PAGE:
A community of giving in Tracy

On Sunday, The Record published our annual Outlook section. In the section, we focused on a theme of “Business not as usual.” In doing so, staff writers, editors and freelancers contributed articles on a variety of topics and people.

I was assigned a story about “business benevolence” in Tracy. Basically that means businesses and business folk who give back in the community on a regular basis. My assignment had some names attached. I started making some calls.

I came across Bill Fields at The Surtec System on MacArthur Drive. The Surtec Adopt-A-Family program gives away food and presents to needy families in both the Tracy and Hayward areas every year. In 2008, they added the Thanksgiving holiday as part of the program. To hear Fields talk about it is to understand how selfless of a program this is. It’s not for him, he’s quick to point out. And it’s a community effort. Here are some photos from the 2009 program, which didn’t fit in print, that Fields had sent along.

I also interviewed Larry Hite, a Tracy-based home inspector who provided free home safety inspections for seniors. He then worked with a group of volunteers funded by the Tracy Hospital Fund at Sutter Tracy Community Hospital, to make needed fixes.’

What didn’t get mentioned is that Hite is also makes regular donations to the Lucky Paws Foundation at Decadent Pets in Tracy. The foundation works to help those in need who can’t afford to feed their animals.  Hite is a self-proclaimed “animal lover.” He said it breaks his heart that people’s pets go hungry when the need to provide basic necessities for one’s self is paramount.

“There are so many people that have been out of work and have lost their jobs,” said Hite. “I know it helps a lot.”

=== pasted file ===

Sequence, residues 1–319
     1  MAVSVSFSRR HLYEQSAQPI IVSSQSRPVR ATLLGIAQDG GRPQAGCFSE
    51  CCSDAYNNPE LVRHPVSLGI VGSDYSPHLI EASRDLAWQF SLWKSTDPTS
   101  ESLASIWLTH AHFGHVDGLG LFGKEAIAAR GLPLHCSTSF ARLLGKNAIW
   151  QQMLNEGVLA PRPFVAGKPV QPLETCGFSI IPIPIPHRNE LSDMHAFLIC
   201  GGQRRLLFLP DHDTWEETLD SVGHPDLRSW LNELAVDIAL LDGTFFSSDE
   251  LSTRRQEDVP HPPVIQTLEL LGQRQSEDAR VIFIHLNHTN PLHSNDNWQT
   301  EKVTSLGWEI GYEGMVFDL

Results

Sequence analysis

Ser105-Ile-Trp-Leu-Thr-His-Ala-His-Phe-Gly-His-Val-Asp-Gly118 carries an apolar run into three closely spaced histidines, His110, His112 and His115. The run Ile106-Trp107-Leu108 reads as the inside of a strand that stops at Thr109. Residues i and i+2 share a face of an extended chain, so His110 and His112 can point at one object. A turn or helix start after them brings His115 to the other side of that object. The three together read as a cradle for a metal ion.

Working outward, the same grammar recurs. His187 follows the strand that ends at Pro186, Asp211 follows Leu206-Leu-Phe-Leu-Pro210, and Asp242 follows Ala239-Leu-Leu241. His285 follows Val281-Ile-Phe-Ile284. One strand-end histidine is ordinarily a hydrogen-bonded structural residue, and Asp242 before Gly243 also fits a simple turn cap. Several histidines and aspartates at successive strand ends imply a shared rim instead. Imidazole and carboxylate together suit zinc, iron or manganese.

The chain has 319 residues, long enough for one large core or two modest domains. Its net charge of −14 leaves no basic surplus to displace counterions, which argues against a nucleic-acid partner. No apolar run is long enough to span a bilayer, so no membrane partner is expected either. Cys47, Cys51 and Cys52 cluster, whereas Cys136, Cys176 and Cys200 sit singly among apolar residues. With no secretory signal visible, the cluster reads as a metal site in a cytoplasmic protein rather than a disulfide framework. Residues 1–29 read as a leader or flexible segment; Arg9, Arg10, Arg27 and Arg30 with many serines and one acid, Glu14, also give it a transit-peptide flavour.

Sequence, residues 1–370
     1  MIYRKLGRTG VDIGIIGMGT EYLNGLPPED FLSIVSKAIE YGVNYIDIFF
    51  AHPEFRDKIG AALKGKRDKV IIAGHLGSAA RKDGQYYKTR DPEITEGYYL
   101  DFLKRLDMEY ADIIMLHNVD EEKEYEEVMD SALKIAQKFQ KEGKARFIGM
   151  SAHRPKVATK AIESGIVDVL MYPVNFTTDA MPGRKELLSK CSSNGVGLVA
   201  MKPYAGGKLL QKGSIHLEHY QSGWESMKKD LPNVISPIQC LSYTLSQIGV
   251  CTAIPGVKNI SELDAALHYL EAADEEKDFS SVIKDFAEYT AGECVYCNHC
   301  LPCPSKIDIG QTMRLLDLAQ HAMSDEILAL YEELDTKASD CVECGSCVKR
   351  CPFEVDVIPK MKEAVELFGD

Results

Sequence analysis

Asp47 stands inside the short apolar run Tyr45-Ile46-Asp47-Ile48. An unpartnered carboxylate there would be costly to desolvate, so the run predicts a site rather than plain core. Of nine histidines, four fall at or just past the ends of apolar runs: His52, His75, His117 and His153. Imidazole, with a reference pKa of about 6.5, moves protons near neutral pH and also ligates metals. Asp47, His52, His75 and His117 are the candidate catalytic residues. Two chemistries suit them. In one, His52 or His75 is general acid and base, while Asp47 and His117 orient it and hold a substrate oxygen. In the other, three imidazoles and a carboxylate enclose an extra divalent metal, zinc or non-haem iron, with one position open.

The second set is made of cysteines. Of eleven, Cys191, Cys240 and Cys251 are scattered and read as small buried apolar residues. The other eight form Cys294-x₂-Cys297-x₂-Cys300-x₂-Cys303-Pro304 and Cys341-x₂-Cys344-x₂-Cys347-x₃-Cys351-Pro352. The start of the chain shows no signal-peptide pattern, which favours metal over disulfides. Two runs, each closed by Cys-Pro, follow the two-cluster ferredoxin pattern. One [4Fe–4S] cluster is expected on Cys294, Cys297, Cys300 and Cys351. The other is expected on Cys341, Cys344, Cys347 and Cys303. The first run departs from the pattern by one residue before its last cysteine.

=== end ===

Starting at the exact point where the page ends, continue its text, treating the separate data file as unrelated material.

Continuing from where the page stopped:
One of the most memorable interviews of the experience came thanks to a 150-pound Burnese Mountain dog named Rio. Rio’s owner Dan Schack is a native of the Tracy community. He takes Rio, a service dog, to see seniors at local assisted living facilities and to see students at local schools.

Rio is a pretty special dog. He even has his own trading card.

But Schack also contributes outside the community. He’s also a volunteer diver at Monterey Bay Aquarium where he works with a program to expose disabled children to the sea otter exhibit first hand. He calls it an “amazing experience,” one of which I could not fit into the story avaliable here.

I love writing for special sections outside what I typically do. I usually get to meet people I wouldn’t have met on a regular beat. And I find out fascinating things about San Joaquin County. This year was no different.

I learned that there’s a great community of giving in Tracy, one not defined by a need for these individuals to be recognized, but by a devotion to make the city a better place for all residents.

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